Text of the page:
Corruption Watch executive director David Lewis chatted to Moneyweb’s Siki Mgabadeli in the wake of the news that the G20 has adopted strict new principles to tackle money laundering and undisclosed beneficial ownership.

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Siki Mgabadeli: G20 leaders over the weekend vowed to implement an anti-corruption action plan as part of a drive against the use of shell companies and trusts to engage in tax evasion and money laundering. It's said that at least a trillion dollars is siphoned from developing countries every year as a result of tax evasion, money laundering, bribery and other forms of financial crime. Much of this money flows through anonymous companies registered in G20 countries.

David Lewis is with Corruption Watch and joins us now. David, thanks for your time this evening. What did you make of this step by the G20? Is it in the right direction?

David Lewis: Yeah, it's definitely in the right direction. In fact, we've been part of a global lobby precisely to get this onto the G20 agenda, which if you like was the first step in the process. And now it has got onto the agenda, and the G20 have accepted it, which we are really pleased about. It's quite a major step forward – if it is implemented, of course.

SM: Let’s talk about this. A trillion dollars a year siphoned from developing countries, and we are talking about all sorts of complicated financial instruments that people use. What are we dealing with here?

DL: I'm not sure if it's a trillion dollars from developing countries – I think it's a trillion dollars in total. But the figure from Africa alone is about $50-billion a year. So we are talking about money that has been earned either from corruption or from criminal activities like drug dealing, or from the proceeds of tax evasion. But obviously in order to launder money from criminal activities or tax evasion you have to corrupt the system as well. So it's all corruption-connected.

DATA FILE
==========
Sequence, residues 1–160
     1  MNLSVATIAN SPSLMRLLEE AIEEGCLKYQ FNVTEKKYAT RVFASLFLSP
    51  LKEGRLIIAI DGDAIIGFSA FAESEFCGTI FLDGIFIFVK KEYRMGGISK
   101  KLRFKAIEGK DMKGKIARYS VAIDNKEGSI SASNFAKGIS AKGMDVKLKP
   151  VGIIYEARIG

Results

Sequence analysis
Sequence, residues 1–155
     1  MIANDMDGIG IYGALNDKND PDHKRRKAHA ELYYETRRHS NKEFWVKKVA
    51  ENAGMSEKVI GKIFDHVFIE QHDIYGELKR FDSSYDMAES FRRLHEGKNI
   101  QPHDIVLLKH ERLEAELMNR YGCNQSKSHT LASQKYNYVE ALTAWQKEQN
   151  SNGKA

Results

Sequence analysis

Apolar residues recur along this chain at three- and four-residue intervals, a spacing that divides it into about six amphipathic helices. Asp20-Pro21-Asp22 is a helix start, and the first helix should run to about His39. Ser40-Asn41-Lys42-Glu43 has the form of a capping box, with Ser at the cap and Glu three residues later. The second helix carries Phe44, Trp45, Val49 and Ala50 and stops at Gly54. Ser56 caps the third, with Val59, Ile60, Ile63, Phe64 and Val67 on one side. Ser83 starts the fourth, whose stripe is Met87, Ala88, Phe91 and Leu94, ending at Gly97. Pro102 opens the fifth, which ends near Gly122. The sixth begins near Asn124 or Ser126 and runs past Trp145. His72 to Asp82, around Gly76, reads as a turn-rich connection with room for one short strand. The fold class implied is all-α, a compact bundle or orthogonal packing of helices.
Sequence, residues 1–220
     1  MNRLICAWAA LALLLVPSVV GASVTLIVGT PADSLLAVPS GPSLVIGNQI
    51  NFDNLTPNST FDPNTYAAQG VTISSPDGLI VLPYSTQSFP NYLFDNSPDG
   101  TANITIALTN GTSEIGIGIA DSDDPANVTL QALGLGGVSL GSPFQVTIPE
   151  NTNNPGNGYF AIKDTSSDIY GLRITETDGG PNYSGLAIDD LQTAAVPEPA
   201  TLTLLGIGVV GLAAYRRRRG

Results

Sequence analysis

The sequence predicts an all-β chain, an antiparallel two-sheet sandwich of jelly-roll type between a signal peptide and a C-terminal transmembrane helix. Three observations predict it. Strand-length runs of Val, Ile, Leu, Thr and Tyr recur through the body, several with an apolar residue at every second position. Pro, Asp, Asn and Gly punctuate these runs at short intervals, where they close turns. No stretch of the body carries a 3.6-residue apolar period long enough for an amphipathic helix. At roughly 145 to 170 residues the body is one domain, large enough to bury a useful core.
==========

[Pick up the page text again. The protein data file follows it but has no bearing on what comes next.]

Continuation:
And this is money that should rightly be taxed in the country in which it is earned, or it's money that is criminal, that is earned from criminal conduct like corruption or drug-dealing or human trafficking. And this new step – as I say, if implemented – will make it immeasurably more difficult for corrupt people to hide the proceeds of corruption, which is a point at which they are vulnerable to detection, but have largely been able to escape it to date because of these structures that they have put them in.

SM: So what is then proposed in the plan?

DL: What is proposed is that all governments regulate or legislate for the establishment of a public registry on which the beneficial owners of trusts and company structures be revealed. That’s the core recommendation. There are other recommendations which we and fellow chapters in Transparency International and others are lobbying for, like for example when people launder money by buying expensive assets for cash – wine farms, Lamborghinis, expensive jewellery, which obviously is another favoured way of laundering money. So we are proposing that as well. I don’t think that the G20 has done that, and I'm not sure that they were asked to, but those are two very common ways of cleaning dirty money and we are going to be lobbying for that in South Africa as well to be put onto the statute books or the regulatory books.

SM: Often following the money trail with these types of cross-border transactions could be quite difficult. Do we have the level of sophistication that would be needed to do this?

DL: Well, it's extraordinarily difficult, and in large part it's made difficult precisely by the measure which the G20 have committed themselves to work against, basically, by hiding the identity of that. But sure, it's difficult under any circumstances. Look, South Africa has a sophisticated financial system and it has the regulatory regime appropriate to that system. So yes, it's difficult, but it's certainly not impossible.

But I repeat, it's been made well-nigh impossible by the use of secrecy jurisdictions and by the use of these kind of measures to disguise who the parties who are who benefit from these [actions].

This article was first published on Moneyweb.



Corruption Watch executive director David Lewis chatted to Moneyweb in the wake of the news that the G20 has adopted strict new principles to tackle money laundering and undisclosed beneficial ownership.
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